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A "rockstar" Hillary Clinton is winging her way to Australia now...
She is on her private plane after being farewelled by the US ambassador and former World Trade Organisation head Mike Moore and Christchurch Mayor Bob Parker..
The skies opened up just as the US Secretary of State arrived at the steps of the US Air Force Boeing.
While she was protected by umbrellas, her farewell party wasn't, so there was no lingering
From the dry of the Antarctic Programme hangar, Moore said her visit to New Zealand had been a "triumph," particularly the Town Hall event yesterday where she answered any question put to her from an audience of 300
"New Zealand is highly admired by Americans who are intrigued by what you have built here, who are trying to understand rugby and the great attraction it holds, and who are very committed to learning more about New Zealand," she said.
"She's a rock star," said Moore. "Her presentation was superb in the Town Hall, wasn't it. This is the value of people who come from a democratic society where they have had to spend life convincing someone on the other side to agree with them
"Can you imagine foreign secretaries from some countries being able to pull that off?"
Moore said the Wellington Declaration - described as a strategic partnership - was an important document.
"Words mean something and the Wellington accord, these words are important. This allows us to rewrite the agenda in Washington."
But he also described some of the dramatic changes that had already taken place in the relationship.
"It is only a few ambassadors ago that an ambassador would go to the State Department, meet a person like [an assistant secretary of state] Kurt Campbell, say hello, and then a couple of years later go and say goodbye. Now we meet every two weeks."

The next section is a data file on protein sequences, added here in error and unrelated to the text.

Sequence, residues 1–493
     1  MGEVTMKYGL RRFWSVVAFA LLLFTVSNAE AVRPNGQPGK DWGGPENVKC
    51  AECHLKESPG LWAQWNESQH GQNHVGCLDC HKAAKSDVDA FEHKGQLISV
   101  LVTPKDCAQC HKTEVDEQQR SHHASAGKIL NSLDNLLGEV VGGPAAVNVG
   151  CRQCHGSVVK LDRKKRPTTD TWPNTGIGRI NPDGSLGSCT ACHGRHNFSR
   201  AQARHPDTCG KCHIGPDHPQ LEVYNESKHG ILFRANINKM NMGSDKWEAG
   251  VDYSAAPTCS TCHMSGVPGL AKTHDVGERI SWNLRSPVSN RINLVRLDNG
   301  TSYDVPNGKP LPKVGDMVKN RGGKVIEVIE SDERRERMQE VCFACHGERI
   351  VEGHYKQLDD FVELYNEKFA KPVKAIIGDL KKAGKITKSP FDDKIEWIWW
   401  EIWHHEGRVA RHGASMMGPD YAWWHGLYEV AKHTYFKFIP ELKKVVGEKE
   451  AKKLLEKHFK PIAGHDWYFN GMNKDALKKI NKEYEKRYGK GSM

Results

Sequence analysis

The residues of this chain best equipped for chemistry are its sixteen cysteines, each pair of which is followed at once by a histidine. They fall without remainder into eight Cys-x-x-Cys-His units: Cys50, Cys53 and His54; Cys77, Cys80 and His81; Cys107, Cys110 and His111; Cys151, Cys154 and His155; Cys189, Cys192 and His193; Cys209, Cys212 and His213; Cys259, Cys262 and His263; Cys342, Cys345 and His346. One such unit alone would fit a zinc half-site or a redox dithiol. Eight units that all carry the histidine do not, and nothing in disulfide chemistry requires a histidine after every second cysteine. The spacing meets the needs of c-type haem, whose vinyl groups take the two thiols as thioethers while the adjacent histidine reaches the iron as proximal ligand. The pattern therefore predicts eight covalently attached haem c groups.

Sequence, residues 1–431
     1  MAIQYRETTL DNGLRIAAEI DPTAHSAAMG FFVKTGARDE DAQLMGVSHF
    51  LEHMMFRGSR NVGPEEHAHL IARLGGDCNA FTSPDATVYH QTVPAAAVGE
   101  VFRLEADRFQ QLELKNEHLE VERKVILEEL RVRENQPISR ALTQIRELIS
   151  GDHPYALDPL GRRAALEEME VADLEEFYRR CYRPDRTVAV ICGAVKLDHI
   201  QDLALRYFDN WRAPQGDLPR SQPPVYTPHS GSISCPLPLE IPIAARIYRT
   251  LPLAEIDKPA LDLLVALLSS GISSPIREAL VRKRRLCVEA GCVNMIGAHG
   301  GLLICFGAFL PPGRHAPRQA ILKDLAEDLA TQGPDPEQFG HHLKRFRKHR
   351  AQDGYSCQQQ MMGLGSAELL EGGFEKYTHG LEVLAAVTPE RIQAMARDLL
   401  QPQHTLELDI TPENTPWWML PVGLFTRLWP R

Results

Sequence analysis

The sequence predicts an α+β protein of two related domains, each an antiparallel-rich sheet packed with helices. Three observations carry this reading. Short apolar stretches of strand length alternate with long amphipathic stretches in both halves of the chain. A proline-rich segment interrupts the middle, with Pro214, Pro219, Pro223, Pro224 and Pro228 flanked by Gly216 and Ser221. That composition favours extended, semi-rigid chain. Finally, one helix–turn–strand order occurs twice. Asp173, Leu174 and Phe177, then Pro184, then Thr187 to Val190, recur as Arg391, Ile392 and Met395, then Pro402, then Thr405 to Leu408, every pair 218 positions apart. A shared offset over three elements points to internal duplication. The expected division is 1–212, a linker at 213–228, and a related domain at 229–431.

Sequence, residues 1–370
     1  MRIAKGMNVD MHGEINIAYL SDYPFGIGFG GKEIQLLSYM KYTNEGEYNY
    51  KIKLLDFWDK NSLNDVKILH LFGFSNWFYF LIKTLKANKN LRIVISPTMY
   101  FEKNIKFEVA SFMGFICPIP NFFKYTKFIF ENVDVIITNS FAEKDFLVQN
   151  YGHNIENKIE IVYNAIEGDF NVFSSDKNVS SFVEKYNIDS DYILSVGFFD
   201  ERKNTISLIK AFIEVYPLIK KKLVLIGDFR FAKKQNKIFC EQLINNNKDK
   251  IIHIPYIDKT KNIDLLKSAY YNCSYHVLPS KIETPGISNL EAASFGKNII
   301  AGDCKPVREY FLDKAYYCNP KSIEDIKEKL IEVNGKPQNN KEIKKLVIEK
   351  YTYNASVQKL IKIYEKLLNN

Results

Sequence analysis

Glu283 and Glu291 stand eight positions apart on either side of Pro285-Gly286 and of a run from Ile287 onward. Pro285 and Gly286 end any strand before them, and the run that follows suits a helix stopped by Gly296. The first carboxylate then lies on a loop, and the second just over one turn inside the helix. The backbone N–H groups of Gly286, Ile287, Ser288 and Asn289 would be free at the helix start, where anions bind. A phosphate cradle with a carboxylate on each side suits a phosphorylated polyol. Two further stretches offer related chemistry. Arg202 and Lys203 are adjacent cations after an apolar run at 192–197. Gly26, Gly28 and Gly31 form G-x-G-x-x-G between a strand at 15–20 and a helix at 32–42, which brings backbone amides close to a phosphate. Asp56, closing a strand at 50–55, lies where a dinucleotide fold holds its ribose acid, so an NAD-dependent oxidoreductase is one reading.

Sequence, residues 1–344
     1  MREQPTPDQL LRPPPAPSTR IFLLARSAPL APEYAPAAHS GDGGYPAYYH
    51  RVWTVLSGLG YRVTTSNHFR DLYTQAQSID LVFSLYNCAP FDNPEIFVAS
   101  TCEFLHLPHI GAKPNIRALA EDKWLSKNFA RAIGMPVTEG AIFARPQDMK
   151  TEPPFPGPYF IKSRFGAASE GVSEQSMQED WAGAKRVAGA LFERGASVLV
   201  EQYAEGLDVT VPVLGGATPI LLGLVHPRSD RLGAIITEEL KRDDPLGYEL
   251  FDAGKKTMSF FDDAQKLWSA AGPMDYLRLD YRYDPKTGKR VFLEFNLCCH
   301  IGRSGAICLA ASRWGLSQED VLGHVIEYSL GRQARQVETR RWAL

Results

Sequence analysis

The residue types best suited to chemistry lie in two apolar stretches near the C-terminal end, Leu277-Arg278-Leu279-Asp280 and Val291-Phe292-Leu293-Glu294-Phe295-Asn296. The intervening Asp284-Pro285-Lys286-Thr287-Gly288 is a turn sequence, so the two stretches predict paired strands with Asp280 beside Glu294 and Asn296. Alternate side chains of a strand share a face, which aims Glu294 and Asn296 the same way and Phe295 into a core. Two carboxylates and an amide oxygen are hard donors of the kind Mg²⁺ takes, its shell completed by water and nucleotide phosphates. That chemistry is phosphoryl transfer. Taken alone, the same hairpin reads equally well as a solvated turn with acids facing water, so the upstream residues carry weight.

Mrs Clinton has forged stronger ties between the two countries and signalled her government's willingness to raise the level of the relationship even further.
She Clinton had arrived in Wellington on Wednesday, going into talks with Prime Minister John Key and Foreign Minister Murray McCully before signing the Wellington Declaration.
It sets out a strategic partnership ensuring political and military co-operation, with regular high-level meetings that will be used to workout the next practical steps in areas ranging from joint training to climate change.
"I think we've always had a very close relationship on so many issues and it was important for me to demonstrate that very vividly," she said in a TVNZ interview
"We work together on everything from climate change to (nuclear) non-proliferation, our soldiers are working together in Afghanistan...but I think there was a lingering impression the last 25 years had served as an obstacle to our close partnership."
Both governments have said the relationship is better now than at any time since the Anzus rift caused by the introduction of New Zealand's nuclear-free legislation
Mr McCully has described the Wellington Declaration as "highly symbolic...the turning of a new page in the relationship."
Mrs Clinton is on a two-week Asia Pacific trip and today heads for Australia.